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7:51PM PST on Jan 30, 2014

Forgein drug companies no longer supplying the drugs used are in no way "effectively overruling American states’ death penalty laws." They are simply deciding not to participate in any form in the death penalty. And they are perfectly within their rights to do so. I am sure America can create those, or similar drugs, themselves.

America, and Britain, expect the rest of the world to bend to their demands, to change their cultures and ways to suit what the US sees as morally correct. They expect other countries to be run as the US sees fit, and often by who the US wants. They go to war, or put trade embargos on countries that do not do do as they're told, or are not run as they wish (despite the US being guilty of those self same "sins" - apartheid, segregation)

And then they are shocked when other countries and upset when other countries try and have a say in how the US is run, or won't sell them certain items any longer - for whatever reason.

As for the death penalty drugs - if a country that has gotten rid of the death penalty for moral reasons continues to sell the drugs needed to another country - well that makes them nothing but hypocrites.

7:13PM PST on Jan 16, 2014

America likes to think that it can do whatever it likes because it has such a powerhouse economy, but it's quite refreshing and satisfying to hear that they bend, however involuntarily, to the rest of the world refusing to promote institutionalised murder.

Let America pull back from the rest of the world, I say. We'll see how far it gets them.

8:53AM PST on Jan 10, 2014

Tom E. - please remember that not everyone in the US is a Christian, and the country's founding fathers, recognizing this, took pains to assure that our country's laws were set up as secular - laws governing mankind, with no specific religious overtones. Those old guys knew what they were doing - perhaps we should return to those roots, instead of attempting to inflict one particular religious morality upon everyone. In this regard, one "size" most certainly does *not* fit all.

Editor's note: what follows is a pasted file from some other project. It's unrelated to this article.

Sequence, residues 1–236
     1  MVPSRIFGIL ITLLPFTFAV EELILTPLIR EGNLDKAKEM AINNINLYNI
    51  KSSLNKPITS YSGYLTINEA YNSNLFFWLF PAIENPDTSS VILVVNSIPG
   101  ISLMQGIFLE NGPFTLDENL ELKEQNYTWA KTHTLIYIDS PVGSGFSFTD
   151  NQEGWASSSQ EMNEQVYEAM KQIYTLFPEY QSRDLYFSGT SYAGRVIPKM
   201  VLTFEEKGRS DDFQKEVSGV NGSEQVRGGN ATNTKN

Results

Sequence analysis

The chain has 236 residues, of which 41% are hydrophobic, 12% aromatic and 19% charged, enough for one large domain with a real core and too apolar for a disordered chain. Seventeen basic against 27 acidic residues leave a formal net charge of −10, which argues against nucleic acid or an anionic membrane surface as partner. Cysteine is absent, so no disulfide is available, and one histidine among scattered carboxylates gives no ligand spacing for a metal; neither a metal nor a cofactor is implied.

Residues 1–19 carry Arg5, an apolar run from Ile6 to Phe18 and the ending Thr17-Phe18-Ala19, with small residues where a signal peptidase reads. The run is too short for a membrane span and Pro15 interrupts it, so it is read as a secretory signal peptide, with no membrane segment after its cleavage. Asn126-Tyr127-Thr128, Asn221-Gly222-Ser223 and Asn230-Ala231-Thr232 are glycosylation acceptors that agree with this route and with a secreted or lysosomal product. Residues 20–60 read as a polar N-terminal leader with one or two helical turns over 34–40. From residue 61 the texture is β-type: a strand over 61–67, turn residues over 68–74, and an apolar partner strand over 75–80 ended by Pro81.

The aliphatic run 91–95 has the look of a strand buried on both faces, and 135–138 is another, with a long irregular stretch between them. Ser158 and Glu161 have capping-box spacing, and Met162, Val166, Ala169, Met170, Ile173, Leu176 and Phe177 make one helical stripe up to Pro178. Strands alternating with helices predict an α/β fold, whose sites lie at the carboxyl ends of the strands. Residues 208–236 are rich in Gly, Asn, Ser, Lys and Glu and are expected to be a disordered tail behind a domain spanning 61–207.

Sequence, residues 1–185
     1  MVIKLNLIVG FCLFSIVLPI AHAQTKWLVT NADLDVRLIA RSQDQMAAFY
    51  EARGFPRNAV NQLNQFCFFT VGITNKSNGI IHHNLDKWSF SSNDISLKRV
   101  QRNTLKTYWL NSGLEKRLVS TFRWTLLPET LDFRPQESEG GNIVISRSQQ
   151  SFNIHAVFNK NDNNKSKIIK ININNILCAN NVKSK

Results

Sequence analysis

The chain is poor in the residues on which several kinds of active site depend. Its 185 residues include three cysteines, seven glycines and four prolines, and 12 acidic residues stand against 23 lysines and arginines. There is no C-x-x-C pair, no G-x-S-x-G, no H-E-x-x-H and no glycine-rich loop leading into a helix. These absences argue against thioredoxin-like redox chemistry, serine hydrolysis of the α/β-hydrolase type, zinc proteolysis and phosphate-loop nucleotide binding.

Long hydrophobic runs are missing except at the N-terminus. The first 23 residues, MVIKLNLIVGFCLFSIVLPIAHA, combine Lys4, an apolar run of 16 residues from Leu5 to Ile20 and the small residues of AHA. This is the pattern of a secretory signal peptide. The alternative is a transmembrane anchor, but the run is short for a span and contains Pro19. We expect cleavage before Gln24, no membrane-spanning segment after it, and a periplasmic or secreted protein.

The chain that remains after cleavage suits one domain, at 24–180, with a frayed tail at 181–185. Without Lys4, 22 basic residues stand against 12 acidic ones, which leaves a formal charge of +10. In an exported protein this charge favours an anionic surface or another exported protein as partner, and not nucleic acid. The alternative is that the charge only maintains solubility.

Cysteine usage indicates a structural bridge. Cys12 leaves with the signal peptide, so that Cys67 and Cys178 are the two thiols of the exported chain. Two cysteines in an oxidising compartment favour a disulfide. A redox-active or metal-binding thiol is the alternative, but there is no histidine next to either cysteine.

That said - there are too many people on death row. To my taste, the criteria should be as follows: 1) the crime has to be particularly heinous (serial killer, as an example) and 2) absolute incontrovertible proof at the time of trial. If there is any doubt, then life in prison, not the death penalty.

4:17PM PST on Jan 9, 2014

There two very inmportant points arising from submissions. The first being the abhorrent and, to my mind, certainly non Christian attitude, that the important thing is the cost factor of incarceration versus ending the life of the criminal. What level of morality equates the correctness of taking the life, or not, of a prisoner based on the financial burden to the community?

Secondly... When, and it happens too frequently, the previously found guilty person is later proven innocent, you can release them, if still alive. Sadly there is no Lazarus moment for the Judicially Murdered.